"Pollinator Plea" Citations and References

1. Eilers, E. J., C. Kremen, S. S. Greenleaf, A. K. Garber and A.-M. Klein. 2011. Contribution of pollinator-mediated crops to nutrients in the human food supply. PLoS One 6(6):e21363.

2. IPBES (2016). The Assessment Report of the Intergovernmental Science-Policy Platform on Biodiversity and Ecosystem Services on Pollinators, Pollination and Food Production. Edited by S. G. Potts, V. L. Imperatriz-Fonseca, and H. T. Ngo. 552 pp. Bonn, Germany: Secretariat of the Intergovernmental Science-Policy Platform on Biodiversity and Ecosystem Services.

3. Brittain, C., C. Kremen, A. Garber, and A.-M. Klein. 2014. Pollination and plant resources change the nutritional quality of almonds for human health. PLoS One 9(2):e90082. doi:10.1371/journal.pone.0090082

4. Klein, A.-M., B. E. Vaissiere, J. H. Cane, I. Steffan-Dewenter, S. A. Cunningham, C. Kremen, and T. Tscharntke. 2007. Importance of pollinators in changing landscapes for world crops. Proceedings of the Royal Society of London B: Biological Sciences 274(1608):303–313.

5. Rader, R., I. Bartomeus, L. A. Garibaldi, M. P. Garratt, B. G. Howlett, R. Winfree, S. A. Cunningham, M. M. Mayfield, A. D. Arthur, G. K. Andersson, and R. Bommarco. 2016. Non-bee insects are important contributors to global crop pollination. Proceedings of the National Academy of Sciences 113(1):146–151.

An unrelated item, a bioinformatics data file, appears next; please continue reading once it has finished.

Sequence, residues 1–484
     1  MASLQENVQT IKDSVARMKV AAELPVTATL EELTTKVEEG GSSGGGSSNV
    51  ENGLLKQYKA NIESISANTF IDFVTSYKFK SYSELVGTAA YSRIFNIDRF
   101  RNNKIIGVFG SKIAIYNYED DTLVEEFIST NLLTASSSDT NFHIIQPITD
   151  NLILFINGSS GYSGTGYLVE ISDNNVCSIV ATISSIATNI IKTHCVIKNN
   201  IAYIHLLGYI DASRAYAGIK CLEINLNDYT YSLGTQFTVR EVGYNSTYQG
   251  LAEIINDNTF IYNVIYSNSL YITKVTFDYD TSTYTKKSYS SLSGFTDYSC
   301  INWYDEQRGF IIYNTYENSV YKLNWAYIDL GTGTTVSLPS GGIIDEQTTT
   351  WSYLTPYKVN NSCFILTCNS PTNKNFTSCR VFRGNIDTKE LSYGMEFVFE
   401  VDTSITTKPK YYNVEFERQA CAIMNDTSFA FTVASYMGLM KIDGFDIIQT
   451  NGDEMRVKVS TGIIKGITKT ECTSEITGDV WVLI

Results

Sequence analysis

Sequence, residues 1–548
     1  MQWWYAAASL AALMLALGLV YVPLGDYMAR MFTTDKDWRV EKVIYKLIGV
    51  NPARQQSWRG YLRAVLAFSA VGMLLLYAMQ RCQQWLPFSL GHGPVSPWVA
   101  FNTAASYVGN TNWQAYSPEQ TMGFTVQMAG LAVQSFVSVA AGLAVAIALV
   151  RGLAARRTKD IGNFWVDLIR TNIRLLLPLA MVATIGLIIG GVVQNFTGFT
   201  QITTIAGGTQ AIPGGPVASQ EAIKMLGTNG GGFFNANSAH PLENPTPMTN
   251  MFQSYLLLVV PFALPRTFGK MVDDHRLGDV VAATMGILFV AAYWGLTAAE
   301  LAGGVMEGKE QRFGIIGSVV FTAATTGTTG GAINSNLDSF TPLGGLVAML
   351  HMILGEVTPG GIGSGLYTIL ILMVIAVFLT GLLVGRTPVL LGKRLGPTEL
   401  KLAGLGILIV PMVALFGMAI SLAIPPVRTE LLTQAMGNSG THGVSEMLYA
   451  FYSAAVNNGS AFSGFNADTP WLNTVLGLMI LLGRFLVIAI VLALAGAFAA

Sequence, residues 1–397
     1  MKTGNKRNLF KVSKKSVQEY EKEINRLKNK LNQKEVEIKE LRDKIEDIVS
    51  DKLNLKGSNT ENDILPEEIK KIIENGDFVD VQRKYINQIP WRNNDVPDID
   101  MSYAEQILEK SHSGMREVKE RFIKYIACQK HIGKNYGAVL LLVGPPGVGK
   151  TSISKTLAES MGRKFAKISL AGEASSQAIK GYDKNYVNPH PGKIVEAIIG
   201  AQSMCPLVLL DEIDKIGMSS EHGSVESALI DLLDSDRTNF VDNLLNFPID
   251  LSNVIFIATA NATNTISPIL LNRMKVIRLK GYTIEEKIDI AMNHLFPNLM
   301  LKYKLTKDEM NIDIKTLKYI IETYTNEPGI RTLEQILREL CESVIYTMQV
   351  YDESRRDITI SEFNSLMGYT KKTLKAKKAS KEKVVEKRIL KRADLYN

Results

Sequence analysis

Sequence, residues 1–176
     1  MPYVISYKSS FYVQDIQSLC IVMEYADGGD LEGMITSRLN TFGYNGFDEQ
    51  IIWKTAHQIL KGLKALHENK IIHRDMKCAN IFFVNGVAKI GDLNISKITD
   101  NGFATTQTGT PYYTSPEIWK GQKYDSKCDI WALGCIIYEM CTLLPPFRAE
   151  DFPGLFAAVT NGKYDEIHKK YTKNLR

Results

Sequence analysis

6. “Colony Loss 2015-2016: Preliminary Results,” Bee Informed Partnership, https://beeinformed.org/results/colony-loss-2015-2016-preliminary-results/

7. Hatfield, R. Colla, S. Jepsen S. Richardson, L. and Thorp, R. 2015. “IUCN Assessments for North American Bombus spp.” 56 pp. http://www.xerces.org/wp-content/uploads/2015/03/Hatfield_etal_14_rs.pdf

8. Cameron, S., J. D. Loizer, J. P. Strange, J. B. Koch, N. Cordes, L. F. Solter, and T. L Griswold. 2011. Patterns of widespread declines in North American bumble bees. Proceedings of the National Academy of Sciences 108:662–667.

9. “Species Profile for Rusty patched bumble bee (Bombus affinis),” U.S. Fish and Wildlife Service, https://ecos.fws.gov/ecp0/profile/speciesProfile?sId=9383

10. NatureServe Explorer 2017. http://www.explorer.natureserve.org/

11. Pelton, E., S. Jepsen, C. Shultz, C. Fallon, and S. H. Black. 2016. State of the Monarch Butterfly Overwintering Sites in California. 40 pp. Portland, OR: The Xerces Society for Invertebrate Conservation.

12. Semmens, B. X., D. J. Semmens, W. E. Thogmartin, R. Wiederholt, L. López-Hoffman, J. E. Diffendorfer, J. M. Pleasants, K. S. Oberhauser, and O. R. Taylor. 2016. Quasi-extinction risk and population targets for the Eastern, migratory population of monarch butterflies (Danaus plexippus). Scientific Reports 6:23265.

13. Sardiñas, H. S., and C. Kremen. 2015. Pollination services from field-scale agricultural diversification may be context-dependent. Agriculture, Ecosystems & Environment 207(1):17–25.

14. Kennedy, C. M., E. Lonsdorf, M. C. Neel, N. M. Williams, T. H. Ricketts, R. Winfree, R. Bommarco, C. Brittain, A. L. Burley, D. Cariveau and L. G. Carvalheiro. 2013. A global quantitative synthesis of local and landscape effects on wild bee pollinators in agroecosystems. Ecology Letters 16(5):584–599.

15. Kremen, C., N. M. Williams, R. L. Bugg, J. P. Fay, and R. W. Thorp. 2004. The area requirements of an ecosystem service: crop pollination by native bee communities in California. Ecology Letters 7(11):1109–1119.

16. Morandin, L. A., and C. Kremen. 2013. Hedgerow restoration promotes pollinator populations and exports native bees to adjacent fields. Ecological Applications 23(4):829–839.